Wrestling With The Prichard Show – the ultimate companion piece to Something to Wrestle With for Episode 45: Judgment Day 2002

Wrestling With The Prichard Show is a weekly companion piece to Something to Wrestle With. It’s an in-depth look at some of the show’s many inside jokes, impressions, and entertaining randomness. If you’re looking for the full recap of episode 45, check out Jeff Rush’s complete rundown at PWPodcasts. 

By Jeff Rush

Wrestling With The Prichard Show: Judgment Day 2002

2002 wasn’t all that long ago. If you graduated high school then, you’re in the prime of your young adulthood now, still not quite old enough to run for President of the United States. If you just became old enough to run for the high office in 2002, you’re only now entering into middle age. If you were born in 2002, you’re still not old enough to drive.

So much going on in 2002 still holds up today – Gangs Of New York? Still good. Curb Your Enthusiasm? Still funny. Wilco’s Yankee Hotel Foxtrot? Still a great album.

Why, then, do so many elements of a WWE PPV from 2002 seem out of touch? Is it that the Attitude Era reflected so many flash-in-the-pan trends from the late ’90s like rap-rock and trashy TV talk shows to the point that it just became what WWE was and took several years to fade? The residue from that era clearly remains on the product we were presented in May 2002 – WWE’s Judgment Day.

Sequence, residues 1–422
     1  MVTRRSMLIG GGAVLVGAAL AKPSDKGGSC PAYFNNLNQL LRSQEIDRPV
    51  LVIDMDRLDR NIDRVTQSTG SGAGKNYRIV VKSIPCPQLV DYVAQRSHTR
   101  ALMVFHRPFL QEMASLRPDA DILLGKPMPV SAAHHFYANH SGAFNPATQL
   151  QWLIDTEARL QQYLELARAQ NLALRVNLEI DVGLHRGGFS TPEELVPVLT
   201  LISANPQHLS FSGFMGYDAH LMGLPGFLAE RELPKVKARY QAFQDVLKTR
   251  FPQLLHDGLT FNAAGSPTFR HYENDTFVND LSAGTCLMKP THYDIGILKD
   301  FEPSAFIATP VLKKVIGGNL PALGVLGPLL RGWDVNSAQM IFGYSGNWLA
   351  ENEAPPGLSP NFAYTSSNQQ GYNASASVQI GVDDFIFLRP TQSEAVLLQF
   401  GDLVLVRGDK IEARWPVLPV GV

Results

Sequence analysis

There was the sleazy aspect: Vince McMahon, CEO of a publicly traded company, repeatedly leering at a much younger woman’s ass. I just don’t see that going over all that well today. People still in love with the Attitude Era will phrase it as “we’ve become too PC as a society.” I’d argue that becoming more politically correct in our daily lives is a good thing. It takes a certain amount of respect for your fellow citizen to want to behave in a PC manner. It makes the world a more pleasant place for more people and also makes us more sensitive to other people’s feelings. The reason Vince’s behavior then feels out of place now, I believe, has to do with the standards we’ve since set as a society – what feels appropriate and what feels disrespectful.

Vince clearly thought he looked cool by acting in such way during this show. I do not believe he would feel that way now.